Björk Medúlla

Björk Medúlla

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With each new album, Björk’s sound has gotten progressively more progressive, stretching the boundaries of both contemporary pop and electronic music, challenging the way we hear words and melodies, and, above all, pushing herself to impossible new heights. Sometime after howling that she wanted to “explode this body off me,” Björk made a movie (Lars von Trier’s musical Dancer in the Dark), which pounded her into submission and supposedly tore at the fabric of her very being, reminding her that music was her true calling (and preferred method of communication). We expected her to burst back to form after that, assembling an army of Björks to reclaim her place among—and above—larger-than-life pop princesses and fellow electronic priestesses; instead, she turned inward, exploring the pitter-patter of her laptop’s keyboard and recording an album (2001’s Vespertine) that, though beautiful, was a docile surprise that could only truly be judged by what came after it.

With the arrival of Medúlla, that moment has come. Saying that Björk has “gotten all experimental on us” is like saying M. Night Shyamalan’s movies have gotten gimmicky. But, oddly enough, Medúlla makes Post sound like Top 40 music. Medúlla, a reference to the inner core of certain organs or body structures (the essence of things, if you will), finds Björk forsaking customary electronic instrumentation for human beatboxing, whistling, sighing, grunting, and hyperventilating courtesy of The Roots’ Rahzel, Inuit throat singer Tagaq, and Faith No More’s Mike Patton. The effect is often awe-inspiring—of the vocal simulations, “The Pleasure Is All Mine” (a song revolving around the age-old sentiment “giving is receiving”), “Who Is It (Carry My Joy On The Left Carry My Pain On The Right),” and “Triumph Of A Heart” are most successful. The latter could be described as “future disco,” with human voices subbing for bass kick, horns, house snare, and oscillating synthesizers. (Elsewhere, the Icelandic and London Choirs fill in for Björk’s previous grandiose orchestral arrangements.)

The album’s slower songs (and, for those who mourn for the Björk of yore, you should know that there are many, including the short but poignant “Show Me Forgiveness” and the Icelandic ballad “Vökuró”) could have appeared on any of her previous records. And thematically, Medúlla is exactly what you’d expect from one of pop’s most forward-thinking composers: “Oceania,” an ode to Mother Ocean, from which all life “crawled ashore,” “Where Is The Line,” a song about compromise in relationships, and “Desired Constellation,” a track about responsibility that could be interpreted on multiple levels (whether personal or political, it’s obvious from her heart-wrenching pleas that Björk’s “sense of justice” has been compromised—count the song among her best). In many ways, Medúlla is significantly more aggressive than Vespertine, even if it is passive aggressive. “Submarine,” a collaboration with Robert Wyatt, rumbles with quiet urgency (“Shake us out of the deep sleep…Do it now!”), as opposed to Björk’s previously more straightforward “alarm calls.”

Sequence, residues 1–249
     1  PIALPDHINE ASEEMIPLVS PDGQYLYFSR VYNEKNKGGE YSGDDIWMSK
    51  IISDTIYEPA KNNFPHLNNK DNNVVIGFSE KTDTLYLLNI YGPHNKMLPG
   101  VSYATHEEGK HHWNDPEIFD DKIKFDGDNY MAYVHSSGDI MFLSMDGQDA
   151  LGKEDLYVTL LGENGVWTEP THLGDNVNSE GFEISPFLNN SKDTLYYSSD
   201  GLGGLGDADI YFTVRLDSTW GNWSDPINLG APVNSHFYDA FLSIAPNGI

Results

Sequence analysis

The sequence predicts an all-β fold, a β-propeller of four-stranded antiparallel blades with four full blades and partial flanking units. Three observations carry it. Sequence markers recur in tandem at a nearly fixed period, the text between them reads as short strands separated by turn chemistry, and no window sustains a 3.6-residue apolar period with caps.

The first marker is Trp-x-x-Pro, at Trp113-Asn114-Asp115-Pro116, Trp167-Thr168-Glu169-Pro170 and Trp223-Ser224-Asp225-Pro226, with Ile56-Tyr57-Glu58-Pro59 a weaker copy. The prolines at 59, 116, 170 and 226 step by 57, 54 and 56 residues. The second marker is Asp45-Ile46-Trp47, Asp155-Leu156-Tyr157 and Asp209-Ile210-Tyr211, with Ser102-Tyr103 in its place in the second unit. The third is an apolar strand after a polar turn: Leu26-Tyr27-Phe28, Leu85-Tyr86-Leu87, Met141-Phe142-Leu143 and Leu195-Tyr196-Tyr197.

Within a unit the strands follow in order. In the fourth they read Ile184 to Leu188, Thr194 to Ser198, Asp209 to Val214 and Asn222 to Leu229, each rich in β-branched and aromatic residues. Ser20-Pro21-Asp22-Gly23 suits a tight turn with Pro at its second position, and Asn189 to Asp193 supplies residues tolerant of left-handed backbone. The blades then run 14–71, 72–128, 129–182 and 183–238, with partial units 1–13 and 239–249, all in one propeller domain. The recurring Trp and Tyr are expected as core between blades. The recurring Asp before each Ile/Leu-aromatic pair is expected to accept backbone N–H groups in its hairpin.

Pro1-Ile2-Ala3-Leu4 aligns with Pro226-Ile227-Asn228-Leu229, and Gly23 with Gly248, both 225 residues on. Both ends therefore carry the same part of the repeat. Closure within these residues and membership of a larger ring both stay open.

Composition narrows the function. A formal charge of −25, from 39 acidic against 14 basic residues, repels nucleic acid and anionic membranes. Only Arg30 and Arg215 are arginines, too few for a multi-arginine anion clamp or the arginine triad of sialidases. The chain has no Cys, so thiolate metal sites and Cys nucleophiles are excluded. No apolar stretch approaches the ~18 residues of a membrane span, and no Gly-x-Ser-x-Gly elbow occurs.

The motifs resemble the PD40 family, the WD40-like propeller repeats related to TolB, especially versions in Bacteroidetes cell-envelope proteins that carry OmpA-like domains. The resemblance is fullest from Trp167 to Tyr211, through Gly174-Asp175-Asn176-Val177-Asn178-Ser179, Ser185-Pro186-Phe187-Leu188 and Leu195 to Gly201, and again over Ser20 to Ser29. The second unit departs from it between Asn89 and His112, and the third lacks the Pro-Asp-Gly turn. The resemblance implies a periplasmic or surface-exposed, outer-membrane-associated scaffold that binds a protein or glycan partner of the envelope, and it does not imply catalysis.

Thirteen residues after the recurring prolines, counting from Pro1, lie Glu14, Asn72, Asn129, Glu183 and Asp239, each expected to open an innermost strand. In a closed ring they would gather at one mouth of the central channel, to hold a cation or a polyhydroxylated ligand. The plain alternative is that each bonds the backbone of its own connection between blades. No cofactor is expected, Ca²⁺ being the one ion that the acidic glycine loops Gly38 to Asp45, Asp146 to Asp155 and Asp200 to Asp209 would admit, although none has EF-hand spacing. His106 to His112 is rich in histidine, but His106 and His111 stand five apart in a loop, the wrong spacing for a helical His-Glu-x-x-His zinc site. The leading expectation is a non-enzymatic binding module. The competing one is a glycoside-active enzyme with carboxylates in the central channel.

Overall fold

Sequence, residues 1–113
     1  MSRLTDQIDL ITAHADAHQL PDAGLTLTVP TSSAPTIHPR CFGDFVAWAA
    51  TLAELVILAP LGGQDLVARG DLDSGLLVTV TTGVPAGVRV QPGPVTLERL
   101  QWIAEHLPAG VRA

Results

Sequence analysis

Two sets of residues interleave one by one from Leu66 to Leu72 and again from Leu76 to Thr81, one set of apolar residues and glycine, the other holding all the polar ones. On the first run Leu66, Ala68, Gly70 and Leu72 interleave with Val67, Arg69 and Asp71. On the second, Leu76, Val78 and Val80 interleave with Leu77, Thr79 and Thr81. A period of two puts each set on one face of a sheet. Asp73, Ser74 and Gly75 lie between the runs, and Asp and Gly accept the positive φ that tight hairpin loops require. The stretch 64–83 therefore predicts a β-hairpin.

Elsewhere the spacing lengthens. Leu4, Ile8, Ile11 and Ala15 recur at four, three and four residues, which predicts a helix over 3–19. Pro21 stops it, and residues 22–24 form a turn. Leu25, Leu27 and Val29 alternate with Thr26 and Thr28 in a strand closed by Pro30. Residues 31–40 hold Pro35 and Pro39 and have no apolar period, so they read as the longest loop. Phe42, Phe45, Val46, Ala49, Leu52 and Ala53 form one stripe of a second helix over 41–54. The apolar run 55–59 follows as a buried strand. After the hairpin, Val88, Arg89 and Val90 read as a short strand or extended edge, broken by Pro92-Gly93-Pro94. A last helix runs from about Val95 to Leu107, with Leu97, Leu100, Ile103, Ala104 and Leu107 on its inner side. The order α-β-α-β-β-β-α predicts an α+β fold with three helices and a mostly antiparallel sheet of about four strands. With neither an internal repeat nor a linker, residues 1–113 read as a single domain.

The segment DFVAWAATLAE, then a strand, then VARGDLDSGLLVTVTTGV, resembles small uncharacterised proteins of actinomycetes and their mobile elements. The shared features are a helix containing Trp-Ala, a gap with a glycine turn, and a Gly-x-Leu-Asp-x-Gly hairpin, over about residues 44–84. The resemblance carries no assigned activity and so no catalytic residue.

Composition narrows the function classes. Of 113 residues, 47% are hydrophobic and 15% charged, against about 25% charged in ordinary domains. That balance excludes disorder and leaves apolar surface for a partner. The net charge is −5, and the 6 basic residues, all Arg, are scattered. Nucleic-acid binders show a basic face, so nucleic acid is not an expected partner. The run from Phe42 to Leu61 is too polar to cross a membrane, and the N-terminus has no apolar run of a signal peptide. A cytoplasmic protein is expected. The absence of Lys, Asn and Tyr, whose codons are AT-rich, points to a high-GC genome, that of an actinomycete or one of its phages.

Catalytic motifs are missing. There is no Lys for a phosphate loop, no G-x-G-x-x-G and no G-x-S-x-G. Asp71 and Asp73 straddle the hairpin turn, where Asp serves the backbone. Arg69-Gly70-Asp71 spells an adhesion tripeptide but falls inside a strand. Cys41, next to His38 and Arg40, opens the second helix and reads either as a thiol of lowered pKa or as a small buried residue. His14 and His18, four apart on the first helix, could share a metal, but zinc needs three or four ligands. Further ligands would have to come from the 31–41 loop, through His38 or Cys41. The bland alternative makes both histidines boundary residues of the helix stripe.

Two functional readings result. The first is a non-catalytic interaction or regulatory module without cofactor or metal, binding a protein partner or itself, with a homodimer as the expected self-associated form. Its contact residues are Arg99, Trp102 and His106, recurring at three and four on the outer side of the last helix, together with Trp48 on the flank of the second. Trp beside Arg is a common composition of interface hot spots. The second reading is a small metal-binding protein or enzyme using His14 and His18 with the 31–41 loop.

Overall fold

It should be noted that all of the abovementioned songs could be linked to the Bush administration—fabricated debate over theories of evolution, the war in Iraq, et al. And do what you will with the isolationist final lyric of the song “Mouth’s Cradle”: “I need a shelter to build an altar away from all Osamas and Bushes.” Agreed, but is that all you have to say? Like Shyamalan’s The Village, Medúlla is interesting in theory, and it raises all sorts of questions about how we perceive music, not to mention life itself, but it’s also often downright infuriating. (You can almost hear The Village’s porcupine people grunting on “Ancestors,” a meandering, practically unlistenable track that finds Björk at her most eccentric.) Obviously Medúlla is ahead of its time, and its failures are in the minority, but only time will tell if the album can earn a spot in heavy rotation the way Debut, Post, and Homogenic have. Surely she can’t have forever forsaken the hallowed electronic breakbeat! The holy thumping bassline! For the first time in Björk’s career, the remixes might actually improve on the originals.

Release Date
August 26, 2004
Label
Elektra
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